Packwood & Reynolds

Tue Sep 5 11:18:18 MDT 1995

On Fri, 1 Sep 1995 17:20:17 -0700 Robert Ostrea said:
Excuse me. Apparently I missed you post on Boxer.
>I am most certainly NOT ignoring Ms. Boxer's hypocratical actions...
>Alcoholism is caused by those who CHOOSE to drink too much at the
>beginning.  Then, after repeated incidents of intoxication, the person
>becomes ADDICTED to alcohol.  The key fact here is that the person
>(Packwood) chose to drink in the first place.  Not only that, but
>Packwood MUST have drank more than he should have (CHOSE to drink more
>than he should have) BEFORE he got addicted to the stuff.  It is HIS
>responsibility.  The actions that are caused by HIS predicament can NOT
>be discounted, and I think many people ARE discounting his
>responsibility by saying that he "received treatment."
Bob, I think you are way off base on this. I think you equate normal
behavior with alcoholic behavior. Normal thinking with alcoholic thinking
ETC. Alcohol affects the brain, and thinking. It affects it because
it creates an enzyme which appears to destroy rational behavior. To
apply your thinking and comparing it as the same as that of an alcoholic
is absurd.
Nor is this the only point. Alcoholism involves the creation of THC
which affects the brain, thinking, and the craving to create more.
You seem to equate knowledge before the fact with knowledge of what the
body drives you to do. No one knows why, or who is susceptible to this.
You either are, or aren't. And if you are unlucky, knowledge about
the fact that it is happening is after the fact. By then, your thinking
ability, reasoning, social behavior have all changed. I just don't
think you  are discussing alcoholism rationally because you discuss
normal drinking and alcoholic drinking as if the same process were
at work.
>My point exactly!  Now, I have a beer just about every day, and I DO
>drink socially.  I've also known to become drunk on occasion (though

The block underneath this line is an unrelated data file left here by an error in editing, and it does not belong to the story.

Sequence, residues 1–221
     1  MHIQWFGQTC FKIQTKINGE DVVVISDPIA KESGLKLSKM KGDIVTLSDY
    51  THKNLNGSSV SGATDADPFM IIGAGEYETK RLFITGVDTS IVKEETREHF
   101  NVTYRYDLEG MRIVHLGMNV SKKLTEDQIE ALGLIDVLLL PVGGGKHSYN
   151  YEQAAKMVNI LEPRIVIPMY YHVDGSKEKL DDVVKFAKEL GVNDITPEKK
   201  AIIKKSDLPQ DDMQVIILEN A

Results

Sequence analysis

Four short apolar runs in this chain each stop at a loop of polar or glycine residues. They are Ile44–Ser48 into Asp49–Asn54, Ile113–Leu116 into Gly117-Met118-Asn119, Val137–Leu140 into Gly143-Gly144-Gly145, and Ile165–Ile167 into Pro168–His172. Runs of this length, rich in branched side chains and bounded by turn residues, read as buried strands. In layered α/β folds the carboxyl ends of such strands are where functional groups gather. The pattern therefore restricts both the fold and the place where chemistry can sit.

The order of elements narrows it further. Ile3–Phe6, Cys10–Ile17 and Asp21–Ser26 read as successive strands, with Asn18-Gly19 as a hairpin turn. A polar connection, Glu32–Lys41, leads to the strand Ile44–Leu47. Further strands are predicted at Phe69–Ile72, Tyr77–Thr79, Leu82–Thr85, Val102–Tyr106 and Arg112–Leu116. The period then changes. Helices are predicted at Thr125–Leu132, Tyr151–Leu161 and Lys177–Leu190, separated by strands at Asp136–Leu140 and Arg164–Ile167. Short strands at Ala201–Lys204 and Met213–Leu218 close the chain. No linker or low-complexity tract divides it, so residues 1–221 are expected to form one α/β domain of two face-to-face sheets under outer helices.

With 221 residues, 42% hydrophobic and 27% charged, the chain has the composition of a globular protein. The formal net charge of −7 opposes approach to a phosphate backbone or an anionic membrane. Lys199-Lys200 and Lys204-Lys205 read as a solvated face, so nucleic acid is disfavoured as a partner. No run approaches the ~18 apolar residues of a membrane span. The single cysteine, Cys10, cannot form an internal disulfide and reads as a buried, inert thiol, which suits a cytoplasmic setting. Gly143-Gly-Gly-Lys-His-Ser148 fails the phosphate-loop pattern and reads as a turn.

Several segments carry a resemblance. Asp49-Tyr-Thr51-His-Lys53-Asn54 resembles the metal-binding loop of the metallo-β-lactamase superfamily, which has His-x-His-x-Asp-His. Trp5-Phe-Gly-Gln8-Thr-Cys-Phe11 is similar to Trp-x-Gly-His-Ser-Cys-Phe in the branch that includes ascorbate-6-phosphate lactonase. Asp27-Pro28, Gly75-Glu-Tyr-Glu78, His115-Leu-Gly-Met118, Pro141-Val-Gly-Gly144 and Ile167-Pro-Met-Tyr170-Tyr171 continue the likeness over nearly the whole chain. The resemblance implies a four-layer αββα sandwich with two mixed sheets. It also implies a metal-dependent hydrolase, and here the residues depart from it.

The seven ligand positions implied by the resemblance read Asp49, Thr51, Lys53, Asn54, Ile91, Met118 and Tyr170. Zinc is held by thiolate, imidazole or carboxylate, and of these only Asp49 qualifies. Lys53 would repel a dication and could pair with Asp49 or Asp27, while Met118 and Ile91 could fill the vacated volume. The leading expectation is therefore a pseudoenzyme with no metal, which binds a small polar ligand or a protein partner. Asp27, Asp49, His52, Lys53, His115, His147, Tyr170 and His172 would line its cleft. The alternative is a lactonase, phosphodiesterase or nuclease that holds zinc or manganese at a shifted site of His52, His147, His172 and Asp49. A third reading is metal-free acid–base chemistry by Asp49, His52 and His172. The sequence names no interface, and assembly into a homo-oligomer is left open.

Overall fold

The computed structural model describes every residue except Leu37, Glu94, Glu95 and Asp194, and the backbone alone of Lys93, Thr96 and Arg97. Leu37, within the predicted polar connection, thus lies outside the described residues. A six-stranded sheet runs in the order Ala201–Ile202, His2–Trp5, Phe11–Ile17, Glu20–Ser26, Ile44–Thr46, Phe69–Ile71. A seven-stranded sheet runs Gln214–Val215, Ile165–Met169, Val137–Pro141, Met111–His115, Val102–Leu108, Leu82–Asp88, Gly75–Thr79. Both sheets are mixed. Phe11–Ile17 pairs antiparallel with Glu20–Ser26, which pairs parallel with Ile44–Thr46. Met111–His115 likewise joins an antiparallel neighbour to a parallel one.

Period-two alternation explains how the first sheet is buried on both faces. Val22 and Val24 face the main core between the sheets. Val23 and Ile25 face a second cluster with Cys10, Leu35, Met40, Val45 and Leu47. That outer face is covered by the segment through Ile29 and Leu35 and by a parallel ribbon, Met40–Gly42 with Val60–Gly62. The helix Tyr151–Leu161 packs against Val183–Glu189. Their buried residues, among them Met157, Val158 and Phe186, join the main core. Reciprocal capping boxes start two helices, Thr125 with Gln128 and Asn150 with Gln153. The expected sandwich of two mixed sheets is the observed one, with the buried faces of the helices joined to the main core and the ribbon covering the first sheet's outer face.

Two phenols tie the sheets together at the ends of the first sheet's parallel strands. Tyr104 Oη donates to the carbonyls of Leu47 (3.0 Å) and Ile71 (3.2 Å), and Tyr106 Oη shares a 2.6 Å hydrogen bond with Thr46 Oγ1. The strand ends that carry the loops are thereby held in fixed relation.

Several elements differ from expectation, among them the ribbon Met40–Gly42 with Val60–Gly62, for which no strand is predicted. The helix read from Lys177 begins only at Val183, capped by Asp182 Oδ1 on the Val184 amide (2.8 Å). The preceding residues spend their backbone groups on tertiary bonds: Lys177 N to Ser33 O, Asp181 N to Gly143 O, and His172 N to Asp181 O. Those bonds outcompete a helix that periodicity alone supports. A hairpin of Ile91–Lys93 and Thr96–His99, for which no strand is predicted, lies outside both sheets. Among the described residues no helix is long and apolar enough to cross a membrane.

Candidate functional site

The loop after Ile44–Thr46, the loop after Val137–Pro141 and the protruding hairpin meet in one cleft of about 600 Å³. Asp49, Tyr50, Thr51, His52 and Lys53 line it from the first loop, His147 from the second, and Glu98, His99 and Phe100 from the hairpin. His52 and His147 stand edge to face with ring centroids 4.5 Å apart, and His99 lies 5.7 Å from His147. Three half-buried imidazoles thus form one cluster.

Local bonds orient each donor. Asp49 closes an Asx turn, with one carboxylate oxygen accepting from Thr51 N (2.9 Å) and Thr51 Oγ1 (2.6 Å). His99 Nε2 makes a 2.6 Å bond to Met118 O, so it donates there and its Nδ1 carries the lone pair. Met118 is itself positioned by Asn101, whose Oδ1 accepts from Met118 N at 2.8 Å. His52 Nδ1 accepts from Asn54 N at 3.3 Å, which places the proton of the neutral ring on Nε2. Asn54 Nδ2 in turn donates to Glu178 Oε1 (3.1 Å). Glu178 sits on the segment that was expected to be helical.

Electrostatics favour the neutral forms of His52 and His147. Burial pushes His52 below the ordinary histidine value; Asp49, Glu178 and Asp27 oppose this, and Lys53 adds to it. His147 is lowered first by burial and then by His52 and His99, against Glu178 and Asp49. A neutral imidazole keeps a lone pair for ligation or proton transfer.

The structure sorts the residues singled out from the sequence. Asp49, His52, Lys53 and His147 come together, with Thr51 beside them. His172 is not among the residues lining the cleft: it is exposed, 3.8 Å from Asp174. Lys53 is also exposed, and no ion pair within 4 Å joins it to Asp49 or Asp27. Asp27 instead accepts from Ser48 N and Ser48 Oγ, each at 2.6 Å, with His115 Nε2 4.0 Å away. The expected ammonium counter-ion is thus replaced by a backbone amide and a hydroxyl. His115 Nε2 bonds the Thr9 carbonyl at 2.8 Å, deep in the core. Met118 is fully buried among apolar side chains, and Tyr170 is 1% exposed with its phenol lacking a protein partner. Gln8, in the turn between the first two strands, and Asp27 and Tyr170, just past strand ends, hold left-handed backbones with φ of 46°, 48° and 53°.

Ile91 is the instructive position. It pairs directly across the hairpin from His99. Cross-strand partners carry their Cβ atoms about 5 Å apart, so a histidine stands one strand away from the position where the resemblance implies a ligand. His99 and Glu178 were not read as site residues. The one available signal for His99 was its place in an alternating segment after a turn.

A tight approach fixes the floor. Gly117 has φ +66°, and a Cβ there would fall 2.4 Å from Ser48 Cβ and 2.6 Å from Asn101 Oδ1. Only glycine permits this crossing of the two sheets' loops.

>it's been a while), but I am NOT an alcoholic because I control how
>much I drink...
But this wasn't the point I made. I indicated that alcoholics don't
choose to be alcoholic. I explained why, again, above.
>Sure, the addiction leads to drinking more than one can control,
>however, the individual should have exerted more responsibility by NOT
>drinking more than he should BEFORE he actually becomes addicted and
>the situation becomes a problem...
Assuming they knew before hand that they had the special propensity
which creates THC in the brain. Which normal people don't have and
which scientists are unable to predict. And if they were to predict it,
they would have to run tests. Would you go down now and submit for
a test Bob? And if it said that you created THC in the brain enzyme
and normal people did not, would you "never pick up another drink"?
I reiterate. Either it is a disease or it is not. Either Bob Packwood
has it, or does not. Either way, it is up to his electorate to decide
how to address this. If his behavior was less than polite, his electorate
should address it. If the electorate chooses to accept his explanation,
his treatment and the change in behavior then that is up to them, not
you. I have more to say on this, see my later notes.
Alcoholism is not a matter of will. Stopping drinking is, Bob.
>Drinking alcohol IS a matter of will.  One can NOT become an alcoholic
>unless one CHOOSES ON HIS OWN WILL to drink in the first place...
Bob, I have not excused anthing. And perhaps you missed my post on this.
But, I do not equate Bob Packwoods behavior with that of TK for
example. Or Mel Reynolds. It is not. I am explaining the difference